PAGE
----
• Bottums Road,, a private way off Clement Street in Northampton has three houses on it.<br/>CAROL LOLLIS
  • Bottum Rd., a private way in Northampton.<br/><br/>CAROL LOLLIS

He’s also watched police ticket cars which block the street’s entrance while visiting the nearby YMCA of Hampshire County on Massasoit Street. Because of all these factors, Herold believed he lived on a street owned by the city.

Then along came a Board of Public Works announcement this fall that it intended to clear up the status of more than 50 private ways throughout the city, including Massasoit Avenue, that for unexplained reasons had never been accepted as public ways by the city.

The initiative comes after officials discovered that plowing and maintaining private ways, as it has done for years, with public money is prohibited by state law.

“Ignorance to the law is no excuse, but I operated under an assumption that we lived on a city street,” said Herold, of 3 Massasoit Ave.

He’s not alone. Many residents who live on the 50-plus streets in question were surprised to find out their homes are located on a private way. Some of those homeowners, like Herold and his neighbors on Massasoit Avenue, are now requesting that the city accept their streets as public so that the services they’ve had for years as taxpayers continue.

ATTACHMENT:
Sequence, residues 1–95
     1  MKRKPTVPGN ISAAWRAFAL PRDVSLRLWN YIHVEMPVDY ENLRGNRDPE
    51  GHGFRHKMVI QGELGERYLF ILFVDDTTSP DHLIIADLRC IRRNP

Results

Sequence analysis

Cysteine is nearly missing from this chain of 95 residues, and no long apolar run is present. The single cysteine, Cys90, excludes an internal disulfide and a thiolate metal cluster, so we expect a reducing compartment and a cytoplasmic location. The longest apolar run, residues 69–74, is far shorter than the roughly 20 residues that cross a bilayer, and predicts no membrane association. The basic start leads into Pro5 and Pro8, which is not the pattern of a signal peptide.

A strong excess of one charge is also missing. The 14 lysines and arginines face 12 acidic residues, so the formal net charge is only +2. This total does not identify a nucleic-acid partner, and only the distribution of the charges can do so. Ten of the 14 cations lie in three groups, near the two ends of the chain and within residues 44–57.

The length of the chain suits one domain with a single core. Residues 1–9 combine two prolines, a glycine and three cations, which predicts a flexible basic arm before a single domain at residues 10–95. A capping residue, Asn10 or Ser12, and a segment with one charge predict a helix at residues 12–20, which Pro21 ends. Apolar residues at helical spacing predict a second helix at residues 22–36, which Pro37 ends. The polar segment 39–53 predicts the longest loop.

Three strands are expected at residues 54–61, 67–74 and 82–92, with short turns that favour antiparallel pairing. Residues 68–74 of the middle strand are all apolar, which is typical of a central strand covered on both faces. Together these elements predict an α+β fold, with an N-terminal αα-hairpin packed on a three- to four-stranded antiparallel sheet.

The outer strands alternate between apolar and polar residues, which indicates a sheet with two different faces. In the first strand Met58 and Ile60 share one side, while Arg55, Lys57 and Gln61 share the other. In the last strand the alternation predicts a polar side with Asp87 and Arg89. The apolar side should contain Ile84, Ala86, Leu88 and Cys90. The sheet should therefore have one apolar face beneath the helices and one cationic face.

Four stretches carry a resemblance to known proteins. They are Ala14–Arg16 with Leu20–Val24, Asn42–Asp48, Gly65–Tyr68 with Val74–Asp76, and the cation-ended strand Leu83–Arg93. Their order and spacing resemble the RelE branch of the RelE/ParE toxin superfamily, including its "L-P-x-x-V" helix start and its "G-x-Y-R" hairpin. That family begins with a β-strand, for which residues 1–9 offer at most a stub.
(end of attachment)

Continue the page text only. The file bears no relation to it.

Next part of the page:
“There is all kinds of precedent from the way the city behaved that the street is a fabric of town life,” Herold said.

Many of the streets are actually driveways that lead to just a few homes, while others clearly look and function like public ways, Department of Public Works Director Ned Huntley said.

“We’re trying to figure out what to do with these streets,” he said. “It’s a complicated issue.”

Over the next six to nine months, the board expects to hold public meetings at each of the private ways to examine the streets and hear from residents. It will then decide whether the streets should stay private, in which case homeowners would become responsible for snow plowing and other maintenance.

The board is also determining which of the streets would qualify to become public ways, a potentially expensive process that would enable the city to legally plow and maintain those streets.